George II Silver Salver
Maker: David Willaume II
A rare antique sterling silver salver of oval form with a cast border of rope and shell ornament. Fine quality...
A rare antique sterling silver salver of oval form with a cast border of rope and shell ornament. Fine quality and heavy weight. The centre has a hand engraved armorial with mottos “Honi Soit Qui Mal y Pense” and “Stat Religione”. Oval salvers are not generally found the second half of the 18th century. Weight 672 grams, 21.6 troy ounces. Height 4cm. Top measures 26x19cm. London 1732. Maker David Willaume II.
with a cast border of rope and shell ornament. Fine quality and heavy weight. The centre has a hand engraved armorial with mottos “Honi Soit Qui Mal y Pense” and “Stat Religione”. Oval salvers are not generally found the second half of the 18th century. Weight 672 grams, 21.6 troy ounces. Height 4cm. Top measures 26x19cm. London 1732. Maker David Willaume II.
The antique salver is in good condition with no damage or restoration. Stamped underneath with a full set of English silver hallmarks are clear. The makers mark is double struck. The engravings still have good definition. Please note that this item is not new and will show moderate signs of wear commensurate with age. Reflections in the photograph may detract from the true representation of this item.
Maker: David Willaume II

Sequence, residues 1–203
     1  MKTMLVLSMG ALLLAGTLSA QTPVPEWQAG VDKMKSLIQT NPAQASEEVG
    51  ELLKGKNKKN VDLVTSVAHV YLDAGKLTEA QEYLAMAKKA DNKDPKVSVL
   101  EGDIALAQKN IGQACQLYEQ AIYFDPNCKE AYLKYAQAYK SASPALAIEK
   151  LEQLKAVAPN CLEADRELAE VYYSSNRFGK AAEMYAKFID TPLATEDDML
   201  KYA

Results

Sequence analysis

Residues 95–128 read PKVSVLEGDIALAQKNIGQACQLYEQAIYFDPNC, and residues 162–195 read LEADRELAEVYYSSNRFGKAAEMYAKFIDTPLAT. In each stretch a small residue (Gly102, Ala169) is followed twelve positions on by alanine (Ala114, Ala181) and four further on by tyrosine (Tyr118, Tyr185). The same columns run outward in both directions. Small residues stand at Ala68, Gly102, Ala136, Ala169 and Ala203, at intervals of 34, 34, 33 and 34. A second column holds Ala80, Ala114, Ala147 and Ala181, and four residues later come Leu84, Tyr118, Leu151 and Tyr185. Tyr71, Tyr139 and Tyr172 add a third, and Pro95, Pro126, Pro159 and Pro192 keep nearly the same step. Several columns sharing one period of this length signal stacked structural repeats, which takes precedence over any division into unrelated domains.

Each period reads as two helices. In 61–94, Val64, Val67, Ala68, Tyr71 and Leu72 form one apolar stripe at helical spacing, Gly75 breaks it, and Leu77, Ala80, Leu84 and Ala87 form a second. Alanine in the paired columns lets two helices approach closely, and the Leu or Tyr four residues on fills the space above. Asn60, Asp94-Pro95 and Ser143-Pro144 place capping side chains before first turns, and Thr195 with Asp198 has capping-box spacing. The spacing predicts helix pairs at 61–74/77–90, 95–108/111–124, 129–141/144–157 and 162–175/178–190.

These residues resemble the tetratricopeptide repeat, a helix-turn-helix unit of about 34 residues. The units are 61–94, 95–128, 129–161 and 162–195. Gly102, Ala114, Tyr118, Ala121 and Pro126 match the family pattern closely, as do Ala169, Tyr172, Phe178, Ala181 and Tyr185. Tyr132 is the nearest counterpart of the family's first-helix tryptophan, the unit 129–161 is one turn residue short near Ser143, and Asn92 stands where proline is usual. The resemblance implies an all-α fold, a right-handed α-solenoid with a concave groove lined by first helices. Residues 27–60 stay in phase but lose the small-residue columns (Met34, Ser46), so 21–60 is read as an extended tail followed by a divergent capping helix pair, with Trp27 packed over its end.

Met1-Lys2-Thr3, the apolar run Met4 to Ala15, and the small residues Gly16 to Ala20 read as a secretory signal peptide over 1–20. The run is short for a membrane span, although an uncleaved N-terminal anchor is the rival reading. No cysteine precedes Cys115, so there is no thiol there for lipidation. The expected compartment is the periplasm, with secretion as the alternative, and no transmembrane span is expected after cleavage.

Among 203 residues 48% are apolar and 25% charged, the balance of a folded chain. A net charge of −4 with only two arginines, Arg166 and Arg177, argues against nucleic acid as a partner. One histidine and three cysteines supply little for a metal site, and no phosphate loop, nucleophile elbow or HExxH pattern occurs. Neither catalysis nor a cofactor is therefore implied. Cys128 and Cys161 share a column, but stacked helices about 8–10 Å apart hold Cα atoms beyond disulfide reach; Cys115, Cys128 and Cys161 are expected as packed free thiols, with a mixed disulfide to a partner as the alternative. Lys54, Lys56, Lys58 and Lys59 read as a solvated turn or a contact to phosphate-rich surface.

David Willaume I, Huguenot maker, born 7 June 1658, son of Adam Willaume, goldsmith of Metz on the Pont des Morts. His first mention in London was in 1686 at the Windsor Castle, Charing Cross. Married Marie Mettayer 1690. Free 1693/94 as David Williams. First mark as largeworker undate probably 1697. Second and third marks 1719. His children were Anne, born 1691, wife of David Tanqueray, David, born 1693, and Adam and Suzanne, born 1694 and 1696, died in infancy. Willaume seems to have retired about 1728 (when David II entered a mark of distinctly different type to his father) and he purchased the Manor of Tingrith, Bedfordshire. Died circa 1741. David Willaume I was an important silversmith and enjoyed the patronage of the wealthiest clients in England. His many outstanding pieces display the highest qualities of rich design and impeccable execution. Among his impressive list of important works are the magnificent pair of wine coolers (Duke of Devonshire), the Luton Hoo toilet service, the pair of ivory mounted vases (British Museum), and the punchbowl and cover (Trinity Hall, Cambridge). David Willaume II, apprenticed to his father the master Hugeunot silversmith David Willaume I in 1707, free 1723. First and 2nd marks entered as largeworker in 1728, roughly the time of his father’s retirement. 3rd mark 1739. He became High Sheriff of Bedfordshire in 1737. Goldsmith to the King 1744 and 1746. Died 1761.
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